Clientless SSL VPNs provide browser-based access to internal and external resources without the need to install a traditional VPN client. Typically, these web VPNs are used to access intranet sites (such as an internal webmail server), but many have more capabilities, such as providing access to internal fileshares and remote desktop capabilities. To connect to a VPN, a web browser is used to authenticate to the web VPN, then the web VPN retrieves and presents the content from the requested pages.
If an attacker constructs a page that Machine code the Document.cookie element in such a way as to avoid being rewritten by the web VPN, then the Cookie object in the returned page will represent all of the user's cookies for the web VPN domain. Included in this Cookie are the web VPN session ID cookie itself and any globally unique cookies set by sites requested through the web VPN. The attacker may then use these cookies to hijack the user's VPN session and any other sessions accessed through the web VPN that rely on cookies for session identification.
Additionally, an attacker could construct a page with two frames: one hidden and one that displays a legitimate intranet site. The hidden frame could log all keys pressed in the second, benign frame and submit these keypresses as parameters to a XMLHttpRequest GET to the attacker's site, rewritten in web VPN syntax.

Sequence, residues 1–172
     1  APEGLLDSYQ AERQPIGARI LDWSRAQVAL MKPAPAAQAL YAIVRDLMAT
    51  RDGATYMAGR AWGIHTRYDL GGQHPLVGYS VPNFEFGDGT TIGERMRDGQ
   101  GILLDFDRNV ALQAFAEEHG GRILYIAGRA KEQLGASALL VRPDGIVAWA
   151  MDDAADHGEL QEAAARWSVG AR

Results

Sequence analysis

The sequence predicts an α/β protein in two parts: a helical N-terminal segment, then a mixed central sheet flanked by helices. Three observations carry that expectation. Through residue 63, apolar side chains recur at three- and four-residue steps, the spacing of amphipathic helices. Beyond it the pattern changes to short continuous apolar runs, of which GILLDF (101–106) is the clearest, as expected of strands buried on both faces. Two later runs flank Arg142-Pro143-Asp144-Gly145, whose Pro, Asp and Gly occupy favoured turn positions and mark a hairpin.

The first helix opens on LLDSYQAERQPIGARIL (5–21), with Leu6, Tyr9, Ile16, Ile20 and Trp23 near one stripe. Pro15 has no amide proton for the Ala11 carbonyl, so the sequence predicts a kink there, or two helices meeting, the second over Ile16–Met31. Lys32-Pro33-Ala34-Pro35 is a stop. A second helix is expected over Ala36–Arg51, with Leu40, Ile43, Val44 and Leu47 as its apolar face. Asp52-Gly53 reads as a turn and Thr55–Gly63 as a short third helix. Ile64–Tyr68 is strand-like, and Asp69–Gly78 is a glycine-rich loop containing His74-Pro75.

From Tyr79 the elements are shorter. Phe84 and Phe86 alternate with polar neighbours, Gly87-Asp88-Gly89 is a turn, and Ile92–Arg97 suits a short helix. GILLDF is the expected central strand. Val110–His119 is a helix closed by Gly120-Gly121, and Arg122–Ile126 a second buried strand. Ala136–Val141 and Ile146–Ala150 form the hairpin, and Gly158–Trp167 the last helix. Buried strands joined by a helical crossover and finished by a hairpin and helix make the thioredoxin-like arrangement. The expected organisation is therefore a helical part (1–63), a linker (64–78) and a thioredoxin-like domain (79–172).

By convincing a user to view a specially crafted web page, a remote attacker may be able to obtain VPN session tokens and read or modify content (including cookies, script, or HTML content) from any site accessed through the clientless SSL VPN. This effectively eliminates same origin policy restrictions in all browsers. For example, the attacker may be able to capture keystrokes while a user is interacting with a web page. Because all content runs at the privilege level of the web VPN domain, mechanisms to provide domain-based content restrictions, such as Internet Explorer security zones and the Firefox add-on NoScript.
Any clientless, browser-based SSL VPN that proxies multiple domains as a single domain violates the same origin policy and is considered to be vulnerable.
Clientless SSL VPN products ship with a variety of default configurations and available security features. Some products by default provide limited or no access and require an administrator to enable specific domains (or all domains). Depending on functional and security requirements, network architecture, and available security features, it may be possible to operate a clientless SSL VPN in a way that minimizes the potential impact of these vulnerabilities